Karen Healey's vision of the future in her third book for young adult readers, When We Wake, is a pretty depressing one. Houses built half underground, strict water rationing, the collection of human feces for compost (humanure) – these are all realities for the population of Australia in 2128. As is strident immigration control and rampant xenophobia. Habitable land is shrinking and people are anxious to maintain their share.
This is the world 16-year-old Tegan Oglietti wakes up to after 100 years of cryonic sleep. “I wanted to write a modern sleeping beauty story,” Healey says from her home in New Zealand. “My other two books had been fantasy and I could have made this one fantasy–obviously, people have done it–but the story that wanted to be told was a science fiction one.”
Tegan's 100-year snooze is induced as part of a government experiment after she's killed by a sniper at a political rally in 2028. When she wakes up, healed but confused, the world is mightily changed and she needs to figure out how to relate to a new set of friends, peers, and family. Normal life, however, isn't easy when you're both a celebrity and a scientific experiment.
While there is plenty of weird technology, chase scenes, and gruesome discoveries to satisfy even the most ardent science fiction reader's craving for futuristic adventure, there's also a definite message to her book, which Healey doesn't make apologies for. “All my books have didactic messages. I'm incapable of writing a nonpolitical book!” she says. “Young readers should know: your skills are valuable, your ideas are welcome. We're going to leave you the world, so you might want to do something about it.” Healey points out that many of her readers don't need much prodding to become excited about effecting change. “A lot of young people don't trust what we're leaving for them.” Healey's book isn't worse off from being, as Healey says, “didactic.” Her characters are complex and sympathetic and, beyond any political messages she imparts, readers are going to care what happens to Tegan and her friends.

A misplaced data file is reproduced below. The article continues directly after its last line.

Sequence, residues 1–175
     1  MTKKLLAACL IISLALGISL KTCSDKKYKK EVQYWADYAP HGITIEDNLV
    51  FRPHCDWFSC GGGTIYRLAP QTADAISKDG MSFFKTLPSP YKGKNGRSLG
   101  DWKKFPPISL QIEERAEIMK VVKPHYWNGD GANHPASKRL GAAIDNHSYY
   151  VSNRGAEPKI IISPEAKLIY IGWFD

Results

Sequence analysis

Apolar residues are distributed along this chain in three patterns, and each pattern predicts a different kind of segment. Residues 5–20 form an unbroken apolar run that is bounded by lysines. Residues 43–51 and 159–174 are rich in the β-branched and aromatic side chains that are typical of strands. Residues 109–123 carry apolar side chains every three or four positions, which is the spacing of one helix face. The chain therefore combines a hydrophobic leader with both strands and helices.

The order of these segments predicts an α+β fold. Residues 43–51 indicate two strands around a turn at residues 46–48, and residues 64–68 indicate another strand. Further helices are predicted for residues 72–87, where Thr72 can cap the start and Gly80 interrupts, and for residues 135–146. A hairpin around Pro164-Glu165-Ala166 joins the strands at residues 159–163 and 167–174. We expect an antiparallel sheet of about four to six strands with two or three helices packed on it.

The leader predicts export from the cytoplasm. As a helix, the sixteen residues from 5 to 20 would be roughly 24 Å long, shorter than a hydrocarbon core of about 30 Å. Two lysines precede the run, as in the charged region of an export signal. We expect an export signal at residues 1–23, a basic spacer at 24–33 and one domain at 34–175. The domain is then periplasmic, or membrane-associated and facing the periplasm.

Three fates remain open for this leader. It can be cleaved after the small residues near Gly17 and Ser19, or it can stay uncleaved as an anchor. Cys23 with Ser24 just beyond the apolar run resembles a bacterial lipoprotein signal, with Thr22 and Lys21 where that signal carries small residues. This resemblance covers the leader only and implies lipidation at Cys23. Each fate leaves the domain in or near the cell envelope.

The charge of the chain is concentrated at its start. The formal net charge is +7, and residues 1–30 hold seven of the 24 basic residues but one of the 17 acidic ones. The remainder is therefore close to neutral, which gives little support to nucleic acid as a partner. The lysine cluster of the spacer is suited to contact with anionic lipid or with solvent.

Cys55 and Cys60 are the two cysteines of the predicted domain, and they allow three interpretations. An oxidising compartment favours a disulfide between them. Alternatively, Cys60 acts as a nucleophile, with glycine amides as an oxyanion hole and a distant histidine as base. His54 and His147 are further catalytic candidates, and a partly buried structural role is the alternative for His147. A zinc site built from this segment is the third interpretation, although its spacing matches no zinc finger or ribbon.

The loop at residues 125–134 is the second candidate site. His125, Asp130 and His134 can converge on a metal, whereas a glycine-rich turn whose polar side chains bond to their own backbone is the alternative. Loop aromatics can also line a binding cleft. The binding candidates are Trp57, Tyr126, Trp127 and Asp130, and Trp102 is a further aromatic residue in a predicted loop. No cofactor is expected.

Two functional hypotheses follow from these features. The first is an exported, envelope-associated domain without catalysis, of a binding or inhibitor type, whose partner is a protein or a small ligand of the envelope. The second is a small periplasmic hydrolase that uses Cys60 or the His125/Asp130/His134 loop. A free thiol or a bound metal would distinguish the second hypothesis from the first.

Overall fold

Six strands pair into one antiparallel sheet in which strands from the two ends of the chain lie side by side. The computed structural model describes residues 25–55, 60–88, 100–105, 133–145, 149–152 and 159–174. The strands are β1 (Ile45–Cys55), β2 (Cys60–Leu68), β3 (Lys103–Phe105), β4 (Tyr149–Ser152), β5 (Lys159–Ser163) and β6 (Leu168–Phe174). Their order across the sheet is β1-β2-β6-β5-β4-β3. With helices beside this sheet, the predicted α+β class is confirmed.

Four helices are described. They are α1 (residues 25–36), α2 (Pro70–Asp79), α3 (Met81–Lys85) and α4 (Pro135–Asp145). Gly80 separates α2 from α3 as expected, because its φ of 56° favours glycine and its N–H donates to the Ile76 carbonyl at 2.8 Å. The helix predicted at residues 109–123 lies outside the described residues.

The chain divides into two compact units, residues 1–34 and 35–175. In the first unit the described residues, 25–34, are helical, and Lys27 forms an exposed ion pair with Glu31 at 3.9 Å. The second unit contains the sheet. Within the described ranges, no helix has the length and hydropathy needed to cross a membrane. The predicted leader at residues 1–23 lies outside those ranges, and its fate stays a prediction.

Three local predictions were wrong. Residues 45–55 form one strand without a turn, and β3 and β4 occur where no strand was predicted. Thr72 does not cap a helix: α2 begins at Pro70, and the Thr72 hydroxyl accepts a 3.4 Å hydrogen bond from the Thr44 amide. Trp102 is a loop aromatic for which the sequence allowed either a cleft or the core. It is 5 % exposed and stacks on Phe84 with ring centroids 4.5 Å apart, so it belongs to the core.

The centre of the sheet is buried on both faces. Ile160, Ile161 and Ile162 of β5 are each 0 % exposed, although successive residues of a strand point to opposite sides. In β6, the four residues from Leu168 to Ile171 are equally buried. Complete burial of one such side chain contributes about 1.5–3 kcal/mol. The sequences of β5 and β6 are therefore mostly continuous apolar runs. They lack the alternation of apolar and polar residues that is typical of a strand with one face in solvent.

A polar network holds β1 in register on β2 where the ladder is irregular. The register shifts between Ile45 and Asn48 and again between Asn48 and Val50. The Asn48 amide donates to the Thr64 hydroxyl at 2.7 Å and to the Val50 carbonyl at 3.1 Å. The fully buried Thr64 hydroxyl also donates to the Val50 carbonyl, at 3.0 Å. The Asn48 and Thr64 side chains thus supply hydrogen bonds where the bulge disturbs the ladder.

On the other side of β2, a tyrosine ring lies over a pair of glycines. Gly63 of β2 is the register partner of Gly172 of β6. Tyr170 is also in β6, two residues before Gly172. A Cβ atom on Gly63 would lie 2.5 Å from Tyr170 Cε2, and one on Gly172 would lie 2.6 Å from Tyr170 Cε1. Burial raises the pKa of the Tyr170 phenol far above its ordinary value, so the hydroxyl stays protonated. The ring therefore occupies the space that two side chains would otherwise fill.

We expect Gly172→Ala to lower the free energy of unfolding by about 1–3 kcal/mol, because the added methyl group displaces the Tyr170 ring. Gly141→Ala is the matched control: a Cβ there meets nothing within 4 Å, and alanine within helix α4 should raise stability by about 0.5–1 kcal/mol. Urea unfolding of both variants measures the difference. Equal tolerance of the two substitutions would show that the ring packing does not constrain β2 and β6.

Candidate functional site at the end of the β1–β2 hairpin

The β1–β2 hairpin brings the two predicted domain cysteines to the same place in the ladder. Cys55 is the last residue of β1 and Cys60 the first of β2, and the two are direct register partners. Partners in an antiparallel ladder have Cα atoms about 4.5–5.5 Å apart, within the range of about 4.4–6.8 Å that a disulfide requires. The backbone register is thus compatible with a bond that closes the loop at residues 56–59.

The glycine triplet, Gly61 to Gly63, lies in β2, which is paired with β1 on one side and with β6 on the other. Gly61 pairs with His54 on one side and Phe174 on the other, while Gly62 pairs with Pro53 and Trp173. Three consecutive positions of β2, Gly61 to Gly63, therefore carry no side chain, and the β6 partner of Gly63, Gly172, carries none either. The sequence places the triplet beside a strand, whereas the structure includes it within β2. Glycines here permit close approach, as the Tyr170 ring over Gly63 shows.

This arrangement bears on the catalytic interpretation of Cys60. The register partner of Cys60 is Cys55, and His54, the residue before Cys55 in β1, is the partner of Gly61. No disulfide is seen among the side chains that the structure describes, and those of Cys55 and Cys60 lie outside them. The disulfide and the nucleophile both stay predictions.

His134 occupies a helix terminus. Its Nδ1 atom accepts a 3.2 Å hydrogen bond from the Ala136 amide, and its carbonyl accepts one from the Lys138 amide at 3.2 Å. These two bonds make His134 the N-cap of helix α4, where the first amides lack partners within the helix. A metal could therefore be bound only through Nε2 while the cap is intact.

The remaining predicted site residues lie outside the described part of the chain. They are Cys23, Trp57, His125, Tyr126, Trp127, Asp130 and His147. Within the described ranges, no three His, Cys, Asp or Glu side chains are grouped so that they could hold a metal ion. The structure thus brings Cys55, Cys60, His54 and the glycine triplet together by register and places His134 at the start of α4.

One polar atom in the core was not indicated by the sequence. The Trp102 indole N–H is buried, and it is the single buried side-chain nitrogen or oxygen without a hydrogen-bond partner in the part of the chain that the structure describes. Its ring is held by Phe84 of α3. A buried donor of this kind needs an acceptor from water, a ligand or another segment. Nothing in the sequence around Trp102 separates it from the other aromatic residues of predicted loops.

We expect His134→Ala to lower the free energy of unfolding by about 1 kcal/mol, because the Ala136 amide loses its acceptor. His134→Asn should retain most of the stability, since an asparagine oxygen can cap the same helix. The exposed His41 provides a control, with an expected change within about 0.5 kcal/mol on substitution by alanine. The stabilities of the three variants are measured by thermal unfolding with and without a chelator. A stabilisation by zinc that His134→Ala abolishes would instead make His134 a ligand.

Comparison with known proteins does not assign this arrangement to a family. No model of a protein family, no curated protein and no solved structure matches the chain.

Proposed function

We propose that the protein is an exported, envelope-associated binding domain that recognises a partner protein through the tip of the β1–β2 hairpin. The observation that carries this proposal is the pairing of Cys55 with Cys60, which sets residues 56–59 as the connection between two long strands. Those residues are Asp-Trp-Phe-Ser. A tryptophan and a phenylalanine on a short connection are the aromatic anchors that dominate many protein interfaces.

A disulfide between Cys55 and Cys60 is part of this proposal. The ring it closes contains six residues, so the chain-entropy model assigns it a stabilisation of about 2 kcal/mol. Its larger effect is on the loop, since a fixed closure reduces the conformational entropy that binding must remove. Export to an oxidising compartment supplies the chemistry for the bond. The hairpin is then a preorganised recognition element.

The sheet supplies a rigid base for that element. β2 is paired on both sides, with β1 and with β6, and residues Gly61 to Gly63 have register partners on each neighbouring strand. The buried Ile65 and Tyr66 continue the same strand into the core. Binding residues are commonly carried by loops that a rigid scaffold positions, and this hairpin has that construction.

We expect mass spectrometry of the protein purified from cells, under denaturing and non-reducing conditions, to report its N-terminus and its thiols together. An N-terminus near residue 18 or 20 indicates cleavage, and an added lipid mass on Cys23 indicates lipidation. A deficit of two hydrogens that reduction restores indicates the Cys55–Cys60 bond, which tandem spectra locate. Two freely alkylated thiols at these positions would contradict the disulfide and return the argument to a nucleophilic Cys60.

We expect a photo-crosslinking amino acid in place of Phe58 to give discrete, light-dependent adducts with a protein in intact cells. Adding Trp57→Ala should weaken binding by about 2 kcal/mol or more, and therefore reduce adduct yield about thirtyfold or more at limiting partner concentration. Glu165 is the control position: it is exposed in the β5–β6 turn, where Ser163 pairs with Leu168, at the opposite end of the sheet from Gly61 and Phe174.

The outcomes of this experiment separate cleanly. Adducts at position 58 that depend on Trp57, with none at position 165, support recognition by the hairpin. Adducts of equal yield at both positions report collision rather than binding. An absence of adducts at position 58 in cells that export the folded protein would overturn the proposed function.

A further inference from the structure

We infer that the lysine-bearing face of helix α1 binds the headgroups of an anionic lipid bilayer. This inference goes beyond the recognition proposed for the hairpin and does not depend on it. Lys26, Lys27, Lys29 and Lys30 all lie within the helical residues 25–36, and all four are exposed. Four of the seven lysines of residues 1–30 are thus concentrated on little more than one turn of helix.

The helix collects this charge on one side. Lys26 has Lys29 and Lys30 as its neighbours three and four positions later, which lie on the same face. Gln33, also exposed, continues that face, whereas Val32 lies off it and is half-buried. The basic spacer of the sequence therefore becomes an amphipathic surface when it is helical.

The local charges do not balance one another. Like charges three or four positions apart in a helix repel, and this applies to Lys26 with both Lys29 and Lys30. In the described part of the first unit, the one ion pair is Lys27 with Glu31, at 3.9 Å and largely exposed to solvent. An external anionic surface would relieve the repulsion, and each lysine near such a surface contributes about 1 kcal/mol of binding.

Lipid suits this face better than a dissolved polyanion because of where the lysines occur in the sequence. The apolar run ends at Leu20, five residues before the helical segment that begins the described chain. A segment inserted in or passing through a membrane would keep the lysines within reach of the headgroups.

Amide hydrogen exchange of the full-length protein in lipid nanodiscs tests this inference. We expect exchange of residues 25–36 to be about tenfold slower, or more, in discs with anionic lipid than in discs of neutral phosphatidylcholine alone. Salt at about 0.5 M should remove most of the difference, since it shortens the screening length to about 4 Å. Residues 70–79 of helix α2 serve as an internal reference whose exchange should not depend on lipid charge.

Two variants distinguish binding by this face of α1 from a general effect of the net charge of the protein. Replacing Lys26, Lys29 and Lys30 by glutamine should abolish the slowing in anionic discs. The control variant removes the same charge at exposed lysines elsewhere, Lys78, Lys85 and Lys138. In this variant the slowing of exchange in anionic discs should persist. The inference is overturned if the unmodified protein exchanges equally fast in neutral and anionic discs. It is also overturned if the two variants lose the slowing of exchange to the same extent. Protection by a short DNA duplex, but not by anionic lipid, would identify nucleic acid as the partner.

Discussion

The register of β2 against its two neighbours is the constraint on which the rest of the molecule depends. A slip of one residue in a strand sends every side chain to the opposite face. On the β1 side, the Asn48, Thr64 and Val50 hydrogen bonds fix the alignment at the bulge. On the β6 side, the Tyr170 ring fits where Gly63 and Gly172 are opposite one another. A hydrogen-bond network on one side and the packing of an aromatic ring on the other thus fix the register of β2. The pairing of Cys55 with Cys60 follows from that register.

Besides focusing on issues like climate change and immigration, Healey adds a hefty dose of feminism to When We Wake. “The world is still not an equal place and it would be nice if it were!” she asserts.
“The majority of young readers seem to be women, and even the men who are reading–the more exposure they have to feminism (and not the scary, feminists-want-to-destroy-the-family-and-burn-all-the-men-at-the-stake kind of feminism), the better,” Healey says. “We can talk about it as a positive change for everybody, not just women. That's really my life's philosophy and it finds its way into my work.”
As one might expect from a book about the future, the media plays a huge role in the day-to-day life of Tegan and her friends. “To me, media is like the idea of magic,” Healey says. “It can be used for good or ill, but is not in itself good or ill. It can be abused and manipulated, but can also be an incredibly powerful way of getting your own story out.”
While Tegan's story is told in her own first person point of view, she admits to the occasional lie and can't quite be trusted by readers to tell the truth. She's human, after all. Healey is the first to admit her narrator's limitations: “I figured, she's 16 years old. She's been through some traumatic experiences and may not want to tell the whole truth all of the time. Some things she was just mistaken about, too.” Healey just finished writing the sequel to When She Wakes. “There are some things you find out about that she had no idea of,” in the sequel, Healey reveals.
A sequel–proof that life goes on–is the perfect antidote to the depressing reality of Healey's version of 2128. Because the underlying foundation–of Healey's book, message and conversation–is one of hope. Tegan may wake to find herself surrounded by strangers and mayhem, but her willingness to take risks for the sake of her new world, to make friends, and to even fall in love a little bit speaks to the enduring presence of hope in the midst of a crumbling world.
Andi Diehn is a freelance writer living in rural New Hampshire.